[NB] Need update for Windows Beta 8 before Sept.30th please

Hi, I’m now using Scrivener for Windows Beta 8 as my main Scrivener, as I find it better than the 1.x version.

But, Beta 8 will stop working on Sept. 30th, 2018, I believe.

Please release Beta 9 or a version of Beta 8 that removes the Sept. 30th limitation.

Thank you.

New beta releases typically come out shortly before the previous one expires (the 30th September date means that the current Beta 8 runs through the 30th, expiring October 1st); we anticipate Beta 9 coming out at the end of the month. It will have an expiry date, as all the betas do, to prevent indefinitely running an outdated build meant for bug testing, but of course that date will be a month or two out, and the beta cycle will repeat.

Maybe you ought to add a bold Relax, people, we never fail to release a new version in time for the current one’s expiration to the Scrivener 3 Announcements post. :slight_smile:

I think they missed releasing before the deadline once during the v1 beta cycle (in some time zones, but not world-wide), and we, the optimistic, oooooooo-shiney!, what-could-POSSIBLY-go-wrong?! group of very patient Scrivener Beta “testers” have never fully recovered.

Oh, I feel the same way as the OP. Thanks for the reply, though. I will wait patiently. In L&L we trust.

No need to worry, they’ve made the deadline with many hours to spare for each of the 3.0 beta builds and I have little reason to suspect it would suddenly become an issue!


For the record, one more user here who completely didn’t intuitively understand this. I came here to find the solution to what I thought was an extremely dire situation.

I agree with that idea that somewhere it should be stated explicitly, rather than implicitly (at best) , that using the Beta isn’t going to leave your project in a black hole of unrecoverable 3.0 formatting.

I’ve discovered my stress level goes down a great deal if I do an all-project export and/or compile before the bi-monthly expiration as a “CYA” maneuver. Should something go wrong, I will be inconvenienced… but I will not lose a bunch of work.

Let there be peace… in the valley… 8)

Y’all, this would be just one of the many reasons they say not to use the beta versions for stuff you care about.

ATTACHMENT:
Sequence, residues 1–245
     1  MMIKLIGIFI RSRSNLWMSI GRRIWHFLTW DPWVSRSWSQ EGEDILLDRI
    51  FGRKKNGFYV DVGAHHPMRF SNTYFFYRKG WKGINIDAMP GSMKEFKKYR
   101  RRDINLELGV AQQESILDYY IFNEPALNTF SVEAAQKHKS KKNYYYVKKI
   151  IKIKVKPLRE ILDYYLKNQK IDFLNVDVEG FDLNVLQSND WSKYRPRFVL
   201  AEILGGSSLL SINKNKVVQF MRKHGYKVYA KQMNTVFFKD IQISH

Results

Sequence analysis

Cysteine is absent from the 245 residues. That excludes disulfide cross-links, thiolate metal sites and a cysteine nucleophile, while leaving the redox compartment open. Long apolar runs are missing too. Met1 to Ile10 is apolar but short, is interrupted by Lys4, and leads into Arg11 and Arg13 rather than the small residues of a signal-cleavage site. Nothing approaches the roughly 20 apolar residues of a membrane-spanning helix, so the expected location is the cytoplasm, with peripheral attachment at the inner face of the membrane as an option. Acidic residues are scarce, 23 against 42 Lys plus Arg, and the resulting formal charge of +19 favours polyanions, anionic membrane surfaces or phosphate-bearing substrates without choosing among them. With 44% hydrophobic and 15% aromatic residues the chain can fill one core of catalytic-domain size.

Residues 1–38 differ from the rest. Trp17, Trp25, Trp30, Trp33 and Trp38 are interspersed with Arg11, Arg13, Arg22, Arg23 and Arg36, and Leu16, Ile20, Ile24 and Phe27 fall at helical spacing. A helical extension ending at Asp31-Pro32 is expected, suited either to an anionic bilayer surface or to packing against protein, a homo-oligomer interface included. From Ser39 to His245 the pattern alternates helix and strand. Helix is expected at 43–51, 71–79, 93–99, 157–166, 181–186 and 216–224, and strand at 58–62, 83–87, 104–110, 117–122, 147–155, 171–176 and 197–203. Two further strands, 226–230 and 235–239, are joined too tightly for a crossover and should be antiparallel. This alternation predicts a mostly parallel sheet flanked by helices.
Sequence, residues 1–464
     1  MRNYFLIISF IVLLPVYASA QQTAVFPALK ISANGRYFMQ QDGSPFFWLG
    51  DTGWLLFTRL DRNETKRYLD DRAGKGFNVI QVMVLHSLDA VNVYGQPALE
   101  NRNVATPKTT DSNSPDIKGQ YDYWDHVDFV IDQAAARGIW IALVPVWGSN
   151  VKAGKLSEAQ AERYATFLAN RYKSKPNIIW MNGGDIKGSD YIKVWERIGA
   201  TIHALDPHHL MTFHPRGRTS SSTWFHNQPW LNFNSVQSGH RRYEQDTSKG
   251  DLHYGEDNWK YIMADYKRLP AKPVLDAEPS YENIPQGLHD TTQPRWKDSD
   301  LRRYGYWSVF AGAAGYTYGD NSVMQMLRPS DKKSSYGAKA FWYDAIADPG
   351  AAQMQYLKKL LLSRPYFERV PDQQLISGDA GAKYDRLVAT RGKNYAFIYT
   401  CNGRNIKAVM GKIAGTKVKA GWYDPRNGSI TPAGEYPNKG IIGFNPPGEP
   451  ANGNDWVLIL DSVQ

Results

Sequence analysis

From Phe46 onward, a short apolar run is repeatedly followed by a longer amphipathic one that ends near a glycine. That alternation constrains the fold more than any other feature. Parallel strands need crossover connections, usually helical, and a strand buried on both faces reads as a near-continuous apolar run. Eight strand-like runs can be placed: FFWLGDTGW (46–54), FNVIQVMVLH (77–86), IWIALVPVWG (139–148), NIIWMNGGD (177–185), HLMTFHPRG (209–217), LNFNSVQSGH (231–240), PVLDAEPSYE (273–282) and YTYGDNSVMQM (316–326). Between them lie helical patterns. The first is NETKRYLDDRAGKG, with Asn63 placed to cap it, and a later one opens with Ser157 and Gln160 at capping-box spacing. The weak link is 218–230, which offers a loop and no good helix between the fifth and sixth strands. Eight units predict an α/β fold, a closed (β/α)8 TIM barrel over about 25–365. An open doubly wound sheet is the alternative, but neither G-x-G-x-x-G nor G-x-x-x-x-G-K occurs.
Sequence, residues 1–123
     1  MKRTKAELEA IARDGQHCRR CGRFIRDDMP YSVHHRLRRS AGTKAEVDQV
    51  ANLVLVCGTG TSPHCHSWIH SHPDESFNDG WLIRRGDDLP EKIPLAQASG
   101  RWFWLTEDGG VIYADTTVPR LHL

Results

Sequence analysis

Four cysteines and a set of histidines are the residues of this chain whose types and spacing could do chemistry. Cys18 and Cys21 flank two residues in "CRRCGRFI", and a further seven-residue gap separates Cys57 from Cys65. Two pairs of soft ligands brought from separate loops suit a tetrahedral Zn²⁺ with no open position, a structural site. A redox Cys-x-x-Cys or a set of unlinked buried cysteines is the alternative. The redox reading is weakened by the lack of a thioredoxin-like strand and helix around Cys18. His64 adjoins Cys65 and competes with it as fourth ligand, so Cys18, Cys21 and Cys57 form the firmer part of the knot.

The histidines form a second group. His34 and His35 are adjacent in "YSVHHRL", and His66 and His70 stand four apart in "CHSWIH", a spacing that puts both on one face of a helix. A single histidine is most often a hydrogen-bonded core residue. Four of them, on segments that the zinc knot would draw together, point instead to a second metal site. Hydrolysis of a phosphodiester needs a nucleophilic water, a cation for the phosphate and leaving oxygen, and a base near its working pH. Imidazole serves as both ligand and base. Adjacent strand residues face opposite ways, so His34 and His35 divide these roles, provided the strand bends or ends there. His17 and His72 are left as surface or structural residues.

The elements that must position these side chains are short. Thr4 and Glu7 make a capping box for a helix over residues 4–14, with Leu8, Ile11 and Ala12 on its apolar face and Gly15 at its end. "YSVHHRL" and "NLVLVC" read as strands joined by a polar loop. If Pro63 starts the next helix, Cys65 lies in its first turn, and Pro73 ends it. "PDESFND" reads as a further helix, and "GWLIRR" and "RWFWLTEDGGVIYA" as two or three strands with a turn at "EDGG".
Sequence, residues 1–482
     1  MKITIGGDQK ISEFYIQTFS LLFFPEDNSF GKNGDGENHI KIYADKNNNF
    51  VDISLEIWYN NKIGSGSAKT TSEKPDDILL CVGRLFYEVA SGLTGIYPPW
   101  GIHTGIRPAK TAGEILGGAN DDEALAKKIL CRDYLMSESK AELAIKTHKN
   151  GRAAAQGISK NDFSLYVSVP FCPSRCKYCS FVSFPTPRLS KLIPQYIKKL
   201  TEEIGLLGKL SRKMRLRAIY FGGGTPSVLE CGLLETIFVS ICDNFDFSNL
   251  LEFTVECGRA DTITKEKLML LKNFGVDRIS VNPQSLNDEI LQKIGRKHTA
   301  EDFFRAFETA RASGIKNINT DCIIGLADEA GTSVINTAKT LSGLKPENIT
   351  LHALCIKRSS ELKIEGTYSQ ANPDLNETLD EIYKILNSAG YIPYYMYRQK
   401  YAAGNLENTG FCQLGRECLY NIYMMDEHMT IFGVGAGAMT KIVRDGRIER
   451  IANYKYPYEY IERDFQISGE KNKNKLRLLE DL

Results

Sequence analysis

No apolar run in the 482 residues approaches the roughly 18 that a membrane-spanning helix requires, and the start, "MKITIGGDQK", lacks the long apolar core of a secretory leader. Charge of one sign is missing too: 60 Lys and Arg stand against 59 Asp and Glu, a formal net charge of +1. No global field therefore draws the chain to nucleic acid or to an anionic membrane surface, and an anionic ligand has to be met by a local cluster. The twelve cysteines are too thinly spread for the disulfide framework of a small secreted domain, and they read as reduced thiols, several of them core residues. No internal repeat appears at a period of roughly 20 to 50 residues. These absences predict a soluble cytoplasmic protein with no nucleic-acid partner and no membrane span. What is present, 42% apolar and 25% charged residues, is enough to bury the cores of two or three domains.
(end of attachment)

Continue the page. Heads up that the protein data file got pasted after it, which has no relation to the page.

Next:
Given the very slow progress of this beta, it is very clear that, on the Windows side at least, it is just a hobbyist development project.

There is nothing wrong with that at all (far from it), and I also know that aligning the Mac and Windows versions of the software is a very big task (made even bigger by the fact that the Windows development is not full time).

But can someone then explain what the license fee is for? I understand that you are making a complex software project, and that is deserves to be a paid product, but on the Windows side, is the Windows licence money going towards Windows development? The beta is taking so very long to develop, I’m just wondering what we are actually paying for.

That’s patently untrue. Take it from someone who’s been on these forums since before there was a Windows version. You’re not looking at a corporation with hundreds, or tens, or even just 10 programmers to share the load. There are 3. Small businesses like this, working on software that breaks the mold in many ways, have to take time to get things right. It’s not a hobby for them.

It is a [size=150]huge [/size]task. Windows doesn’t provide the same infrastructure that Macs do, so the Windows team has to license and integrate, or invent from scratch those features that Mac programmers get for free. They also have to compromise with regard to the placement of UI elements, file format, etc… taking the lead from the Mac version.

False. There is one full-time developer (Lee), and one part-time developer (Tiho) for Windows. Compare that to the Mac team, composed of: Keith.

… The fee is for a license to the released version, not for the Beta. You can buy a version 1 license now and get an upgrade for free when v3 comes out, but you never had to pay for the beta.

Thanks for the reply and explaining things very clearly.

Is the reason for the delay in the new Windows version merely down to the complexity of the project, then? The reason this comes to mind to today is that the current beta still has bugs in it that were reported 10 months ago, which reminds me how long the beta process has been going on.

I can’t speak for the developers, but my guess is that the only reason we even had a “beta” (which I recall was considered more of an “Alpha” release) last December is because the Mac version 3 was ready, and Keith (the Mac developer and creator of Scrivener) wasn’t about to delay its release for over a year for no good reason. If it had only been one month’s lag between Mac v3 and Windows v3, I’m sure he would have waited.

My opinion is that Scrivener 3 for Windows is still an “Alpha” release, since there are still major sections of functionality that remain unimplemented.

But yeah, Scrivener is unlike most software out there that looks like it. There is (now) a full styles system built on a rich text editor, nestled into an environment that resembles a modern programmer’s integrated development environment more than it does your typical word processor. Doing that would be hard in the best of circumstances (i.e. developing on the Mac), but when trying to match everything on another platform feature-for-feature, it’s truly epic. If this wasn’t hard, there would be more Scrivener imitators on Windows that go beyond superficial resemblances.

Releasing a Windows beta was also intended to help accommodate our dual-platform users, since Win Scrivener 1.9.8 can’t use the Scrivener 3 project format.